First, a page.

Your time in the office is invaluable. Use it wisely.

My 4 year old son, Max, owns a book called, Have You Filled a Bucket Today? Have you seen it?

Billed as “A Guide to Daily Happiness for Kids”, it carries a lesson through the concept of a bucket that doing positive things can be rewarding, sustaining you through the other times. While the metaphor isn’t perfect, there are parallels for the remote worker seeking to get the most out of on-site visits to the office.

This is something I’ve now been doing for over a year as the head of marketing for turnstone. Working remotely in Atlanta while my team and other colleagues are mostly based in Grand Rapids, Michigan, I’ve learned just how valuable in-person time can be, where I can “fill my bucket” catching up with my co-workers. Here are some tips I’ve learned that may help other remote managers get the most of their time in the office:


Eliminate all non in-person meetings when in the office.

Have a standing conference call, or other appointment with someone not in the office? Unless it’s really necessary, cancel it and focus that time only on your actual office colleagues. You will have plenty of time for conference calls when you get back home.

Leave yourself some free time during the day.

While you want to fully leverage those working hours, leave yourself contingency time in case meetings run late, but also to make sure you have enough time for impromptu encounters with colleagues you don’t normally get to see. I usually find a visible spot in our work lounge where people can find me as needed throughout the day.

Be efficient.

Many meetings are scheduled for an hour by default, as if nothing can be accomplished in less than 60 minutes. Trying to squeeze in a lot over a short trip? Schedule yourself in a specific place (our WorkCafe is my favorite) with a series of 30 minute meetings to interact with more of your co-workers in a confined time.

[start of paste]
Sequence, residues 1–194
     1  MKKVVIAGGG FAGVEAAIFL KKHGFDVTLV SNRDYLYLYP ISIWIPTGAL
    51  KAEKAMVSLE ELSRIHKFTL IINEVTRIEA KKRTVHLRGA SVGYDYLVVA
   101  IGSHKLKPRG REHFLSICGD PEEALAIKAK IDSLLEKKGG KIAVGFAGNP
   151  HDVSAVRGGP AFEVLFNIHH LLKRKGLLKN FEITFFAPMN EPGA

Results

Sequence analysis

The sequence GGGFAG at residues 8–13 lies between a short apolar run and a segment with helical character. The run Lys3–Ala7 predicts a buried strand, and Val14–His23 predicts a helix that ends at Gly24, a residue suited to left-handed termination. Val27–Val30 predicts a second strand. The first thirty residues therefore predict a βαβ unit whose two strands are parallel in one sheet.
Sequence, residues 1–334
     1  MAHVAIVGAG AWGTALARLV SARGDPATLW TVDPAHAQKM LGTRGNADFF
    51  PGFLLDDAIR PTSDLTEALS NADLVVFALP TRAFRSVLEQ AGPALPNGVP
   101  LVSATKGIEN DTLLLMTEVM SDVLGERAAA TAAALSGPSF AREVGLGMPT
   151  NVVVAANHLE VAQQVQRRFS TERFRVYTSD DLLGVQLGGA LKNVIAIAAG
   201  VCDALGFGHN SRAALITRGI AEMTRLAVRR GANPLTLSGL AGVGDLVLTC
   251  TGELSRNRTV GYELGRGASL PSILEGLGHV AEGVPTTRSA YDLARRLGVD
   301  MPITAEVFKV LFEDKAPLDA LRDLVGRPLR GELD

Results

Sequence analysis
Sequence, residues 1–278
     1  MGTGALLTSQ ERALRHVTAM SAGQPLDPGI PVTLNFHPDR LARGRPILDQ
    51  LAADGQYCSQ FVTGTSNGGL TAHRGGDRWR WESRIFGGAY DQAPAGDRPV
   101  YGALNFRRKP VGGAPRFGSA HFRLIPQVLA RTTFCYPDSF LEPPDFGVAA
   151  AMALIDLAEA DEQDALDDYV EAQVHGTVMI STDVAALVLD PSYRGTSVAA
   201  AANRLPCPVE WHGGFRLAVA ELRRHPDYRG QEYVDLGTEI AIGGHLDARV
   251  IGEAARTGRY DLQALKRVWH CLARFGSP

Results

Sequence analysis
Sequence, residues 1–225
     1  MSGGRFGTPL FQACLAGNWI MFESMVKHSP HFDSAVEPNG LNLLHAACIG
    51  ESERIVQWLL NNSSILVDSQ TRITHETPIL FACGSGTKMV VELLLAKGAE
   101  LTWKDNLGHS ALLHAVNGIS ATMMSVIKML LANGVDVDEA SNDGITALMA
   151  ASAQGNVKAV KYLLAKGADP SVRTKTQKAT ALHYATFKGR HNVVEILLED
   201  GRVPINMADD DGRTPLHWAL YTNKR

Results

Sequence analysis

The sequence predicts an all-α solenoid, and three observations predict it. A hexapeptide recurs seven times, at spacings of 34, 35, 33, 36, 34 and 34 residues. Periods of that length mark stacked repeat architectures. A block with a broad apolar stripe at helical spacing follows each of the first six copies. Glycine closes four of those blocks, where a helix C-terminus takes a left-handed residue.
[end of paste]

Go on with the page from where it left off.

Pick someone new to meet with outside of your team.

This is the one piece of advice I most wish I’d been given at the start. As I alluded to in my initial post, a steady diet of conference calls with people who have met you personally is manageable; doing so with those who haven’t is a challenge. Schedule informal coffee meetings with at least 1-2 people outside your core team network while in town, and ask more questions of them than they of you. Remember, as a remote worker you rarely get the chance to run into someone you might only work with occasionally. It requires a little more planning, but the next time you’re on the speakerphone instead of physically in the room, it will pay off.

Be sensitive to scheduling off-hours.

While it may be tempting to schedule meetings before 8AM or after 5PM, and/or invite colleagues to meet up for dinner or happy hours, remember that it’s you on a business trip, not them. Understand that they have the same family or social obligations as you do at home, so use that early morning or evening time to follow-up on email, prepare for the next day’s events, or occasionally catch up on your Netflix queue (in my first year, I spent many hotel nights slowly working my way through three seasons of Friday Night Lights).

Coordinate schedules with other remote employees.

While local colleagues may have commitments, if your company employs other remote workers, consider coordinating schedules with them to maximize your experience and meeting capacity. I have recently begun trying to schedule my visits to coincide with times when our field sales team is also in town. This has led not only to some fun dinner conversations, but stronger relationships and communication with others who have also grown accustomed to working mostly apart from the team.

Work hard and have fun.

OK, truth be told, on my first three week trip to start the job I ate too much greasy food, and allowed myself to get out of the healthier routine I pursue at home (maybe not quite the ‘Freshman 15’, but you get the idea). Since then I’ve made a point to maintain my normal eating and exercise habits during visits, which for me usually includes a nice run or two zigzagging across Grand Rapids’ many bridges downtown. Remote workers who spend time each month in another city enjoy a sort of dual citizenship that can have its advantages. While leisure opportunities may be slim, check out a local attraction where possible, or at least try a new restaurant on each trip (another of my goals).

Anything I may have missed? What are ways you make the most of your in-office visits that I didn’t mention?


Jon Eggleton

Currently the Chief Marketing Officer for turnstone, Jon has previously held management posts within the e-commerce divisions of American Greetings, HSN, and OfficeMax. An Ohio native, he holds a degree in Telecommunications from Ohio University, as well as an MBA from Cleveland State University. Jon resides in the Atlanta area with his wife, Shannon, and two young sons, Max and Carter. He enjoys writing, travel, and finding new restaurants for he and his wife for the rare times they are not knee deep in Thomas the Tank Engine trains.

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